IN TEN WORDS OR LESS: Worth watching, but leaves you wanting more
You don’t need to love high-speed dubbing (or know what it is), to enjoy this documentary. Beats, Rhymes & Life: The Travels of a Tribe Called Quest is an engaging, dramatic portrayal of iconic hip hop group A Tribe Called Quest, even if it sometimes feels like a big screen version of MTV’s Behind the Music. Brought to you by first-time director and actor Michael Rapaport, Beats is a collage of concert footage, backstage drama and present-day interviews with ATCQ members, as well as an impressive roster of well-known musicians, all set to a satisfying soundtrack of the group’s hits.
First, let’s get the controversy out of the way: this doc was released amid a kerfuffle between Rapaport and his subjects. The band, who were initially supportive, ultimately disagreed with Rapaport’s direction. Half of them didn’t show up to the L.A. premiere. Band member Q-Tip went so far as to voice his lack of support over Twitter. The hate seems to have died down a bit, though, after Q-Tip has explained himself and Rapaport has said that they’ve agreed to disagree. Okay, let’s move on to the film.
In 1985, A Tribe Called Quest was formed by a group of teenagers from Queens who called themselves Q-Tip, Phife Dawg, Jarobi and Ali Shaheed Muhammad. Their flavour of danceable, conscious hip hop caught on in a big way, influencing other bands and ultimately earning them a reputation as hip hop pioneers. In one interview, Pharrell Williams stresses how artists like himself and Kanye West wouldn’t be where they are today without ATCQ.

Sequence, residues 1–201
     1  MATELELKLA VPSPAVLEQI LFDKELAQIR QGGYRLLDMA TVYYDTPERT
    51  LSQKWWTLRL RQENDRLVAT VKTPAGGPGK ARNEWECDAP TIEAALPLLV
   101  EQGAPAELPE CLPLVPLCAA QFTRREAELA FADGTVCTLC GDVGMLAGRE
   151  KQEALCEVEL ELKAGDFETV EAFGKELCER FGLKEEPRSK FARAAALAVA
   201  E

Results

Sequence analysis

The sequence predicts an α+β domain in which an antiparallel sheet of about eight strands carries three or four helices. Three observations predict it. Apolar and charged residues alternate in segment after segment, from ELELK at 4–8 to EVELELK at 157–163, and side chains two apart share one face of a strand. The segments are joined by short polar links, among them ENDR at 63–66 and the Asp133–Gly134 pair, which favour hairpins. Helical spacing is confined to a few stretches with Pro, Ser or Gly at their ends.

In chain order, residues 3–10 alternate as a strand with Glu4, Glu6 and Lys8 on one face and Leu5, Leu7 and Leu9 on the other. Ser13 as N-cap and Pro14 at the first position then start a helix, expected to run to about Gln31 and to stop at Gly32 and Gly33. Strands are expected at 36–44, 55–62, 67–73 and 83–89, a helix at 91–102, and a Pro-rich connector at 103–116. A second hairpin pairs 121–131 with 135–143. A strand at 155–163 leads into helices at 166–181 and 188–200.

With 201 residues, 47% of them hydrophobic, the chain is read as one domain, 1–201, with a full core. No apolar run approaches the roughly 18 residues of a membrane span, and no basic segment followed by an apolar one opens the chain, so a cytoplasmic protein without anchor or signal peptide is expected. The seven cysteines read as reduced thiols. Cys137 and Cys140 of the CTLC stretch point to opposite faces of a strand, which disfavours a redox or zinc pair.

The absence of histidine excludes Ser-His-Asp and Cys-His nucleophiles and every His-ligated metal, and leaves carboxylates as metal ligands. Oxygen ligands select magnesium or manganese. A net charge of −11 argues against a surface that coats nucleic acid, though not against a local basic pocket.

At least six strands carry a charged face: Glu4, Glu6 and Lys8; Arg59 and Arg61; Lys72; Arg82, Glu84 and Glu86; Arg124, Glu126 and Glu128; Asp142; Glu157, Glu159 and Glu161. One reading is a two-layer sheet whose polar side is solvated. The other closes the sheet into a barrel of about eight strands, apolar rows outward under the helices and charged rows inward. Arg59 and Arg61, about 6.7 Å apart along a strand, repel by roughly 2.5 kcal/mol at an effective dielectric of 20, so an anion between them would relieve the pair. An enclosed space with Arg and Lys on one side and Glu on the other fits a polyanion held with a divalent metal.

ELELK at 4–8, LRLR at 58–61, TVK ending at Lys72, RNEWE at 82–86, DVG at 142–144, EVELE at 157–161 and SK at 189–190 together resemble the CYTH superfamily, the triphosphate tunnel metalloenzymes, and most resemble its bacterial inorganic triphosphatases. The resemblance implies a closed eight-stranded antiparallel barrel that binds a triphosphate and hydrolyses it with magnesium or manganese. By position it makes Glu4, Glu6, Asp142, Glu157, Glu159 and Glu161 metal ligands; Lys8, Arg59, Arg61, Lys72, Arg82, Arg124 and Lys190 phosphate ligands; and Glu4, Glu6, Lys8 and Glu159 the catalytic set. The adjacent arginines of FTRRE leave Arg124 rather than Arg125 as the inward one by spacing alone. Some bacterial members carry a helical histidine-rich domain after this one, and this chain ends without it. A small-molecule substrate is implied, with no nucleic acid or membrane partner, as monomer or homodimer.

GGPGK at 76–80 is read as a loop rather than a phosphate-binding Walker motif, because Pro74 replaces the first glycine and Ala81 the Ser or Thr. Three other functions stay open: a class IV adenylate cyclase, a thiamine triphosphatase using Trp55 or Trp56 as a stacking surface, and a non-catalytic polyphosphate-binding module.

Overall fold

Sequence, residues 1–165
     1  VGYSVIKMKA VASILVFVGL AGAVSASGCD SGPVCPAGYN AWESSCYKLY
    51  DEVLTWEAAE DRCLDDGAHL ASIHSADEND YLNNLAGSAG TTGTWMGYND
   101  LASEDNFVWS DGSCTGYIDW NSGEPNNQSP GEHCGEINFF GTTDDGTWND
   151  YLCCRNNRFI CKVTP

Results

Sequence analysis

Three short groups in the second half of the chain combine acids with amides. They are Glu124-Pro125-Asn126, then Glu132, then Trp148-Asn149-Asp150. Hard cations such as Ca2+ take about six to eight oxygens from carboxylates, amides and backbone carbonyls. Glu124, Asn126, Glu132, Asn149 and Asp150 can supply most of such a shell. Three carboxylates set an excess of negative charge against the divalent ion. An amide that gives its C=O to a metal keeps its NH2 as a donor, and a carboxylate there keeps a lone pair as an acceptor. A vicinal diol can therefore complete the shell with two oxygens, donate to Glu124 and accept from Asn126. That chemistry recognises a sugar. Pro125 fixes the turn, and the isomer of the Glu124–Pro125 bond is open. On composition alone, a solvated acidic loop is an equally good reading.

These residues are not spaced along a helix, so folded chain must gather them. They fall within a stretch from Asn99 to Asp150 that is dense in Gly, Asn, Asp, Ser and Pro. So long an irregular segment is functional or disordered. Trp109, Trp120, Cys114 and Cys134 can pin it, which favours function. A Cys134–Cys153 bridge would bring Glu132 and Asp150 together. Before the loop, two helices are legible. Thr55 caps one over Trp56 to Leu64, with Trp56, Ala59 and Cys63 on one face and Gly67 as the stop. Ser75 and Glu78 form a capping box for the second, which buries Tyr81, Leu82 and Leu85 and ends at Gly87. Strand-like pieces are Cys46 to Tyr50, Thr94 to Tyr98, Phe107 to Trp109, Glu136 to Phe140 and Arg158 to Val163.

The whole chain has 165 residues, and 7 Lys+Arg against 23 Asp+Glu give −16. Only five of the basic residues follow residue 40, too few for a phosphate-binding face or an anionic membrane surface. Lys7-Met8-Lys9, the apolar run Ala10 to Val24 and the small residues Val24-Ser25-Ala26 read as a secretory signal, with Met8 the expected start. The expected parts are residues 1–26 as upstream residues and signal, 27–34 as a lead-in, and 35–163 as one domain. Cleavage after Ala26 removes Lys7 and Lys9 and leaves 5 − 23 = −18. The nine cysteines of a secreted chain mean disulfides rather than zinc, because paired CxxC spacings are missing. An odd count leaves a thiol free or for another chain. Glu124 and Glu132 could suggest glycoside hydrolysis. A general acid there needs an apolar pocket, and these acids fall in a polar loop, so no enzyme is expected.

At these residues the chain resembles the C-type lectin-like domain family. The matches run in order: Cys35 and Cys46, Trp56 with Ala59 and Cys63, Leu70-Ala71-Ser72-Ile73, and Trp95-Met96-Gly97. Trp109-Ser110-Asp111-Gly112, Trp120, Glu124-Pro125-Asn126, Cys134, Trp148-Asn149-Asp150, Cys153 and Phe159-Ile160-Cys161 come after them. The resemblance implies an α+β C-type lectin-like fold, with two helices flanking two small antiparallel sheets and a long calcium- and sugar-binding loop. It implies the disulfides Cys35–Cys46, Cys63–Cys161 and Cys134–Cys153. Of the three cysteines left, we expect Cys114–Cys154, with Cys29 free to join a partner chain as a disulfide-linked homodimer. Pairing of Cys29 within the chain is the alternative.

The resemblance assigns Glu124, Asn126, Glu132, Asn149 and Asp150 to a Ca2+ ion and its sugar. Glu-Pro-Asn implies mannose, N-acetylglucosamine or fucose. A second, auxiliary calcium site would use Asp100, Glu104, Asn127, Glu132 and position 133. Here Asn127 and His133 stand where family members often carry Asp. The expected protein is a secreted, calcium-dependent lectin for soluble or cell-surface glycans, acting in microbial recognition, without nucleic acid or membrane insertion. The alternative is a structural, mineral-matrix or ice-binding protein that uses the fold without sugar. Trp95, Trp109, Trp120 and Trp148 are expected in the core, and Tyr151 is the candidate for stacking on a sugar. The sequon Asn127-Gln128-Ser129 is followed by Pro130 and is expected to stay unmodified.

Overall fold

As far as narratives go, it’s a familiar one in the music world. Band does well, band soars to fame, band fights, band breaks up, band reunites for practical reasons. Q-Tip and Phife are the group’s Lennon and McCartney. At one point during their reunion tour, they have it out in a pre-show backstage fight while the cameras are rolling. Phife appears to feel that Q-Tip is too controlling, as well as insensitive to his health problems. Phife, we learn, has Type 1 diabetes, and is plagued by an addiction to sugar. On the whole, he’s portrayed as the lovable, albeit chronically underprepared sidekick. Q-Tip, on the other hand, comes off as a steely, somewhat callous frontman. At one point, he admits to having “no qualms” about performing ATCQ hits after Phife has left the group. While the health plotline appears central to explaining the band’s demise, it also feels as if the two have simply outgrown each other.
When we meet the group in present day, over 25 years after their formation, the magic has definitely faded. Phife seems more interested in his new basketball scouting gig and Q-Tip appears invigorated by his solo career. The reunion comes across as contrived and bizarre—Japanese fans wave homemade “Linden Blvd.” signs (that’s a street in Queens) in an overflowing Tokyo stadium while the band bounces to its old hits—and it feels like some of the big questions are left unanswered. Is international stadium-pleasing ATCQ’s fate? Will they record another album? (Rapaport notes that they still owe Jive Records one album.) Are Phife and Q-Tip jiving again or just begrudgingly cooperating to make some money? Perhaps the doc just needed a couple more years to let the story continue to unfold.
Regardless, the film is a visual and aural feast. Rapaport creates a gorgeously stylized homage to the colours, sounds and images that typify hip-hop’s Golden Age. The graphic illustrations and moving photo montages evoke the attitude of the ’80s hip hop era without encasing it in glass. Whether this is the end of ATCQ or just the kick in the pants they needed—remains to be seen.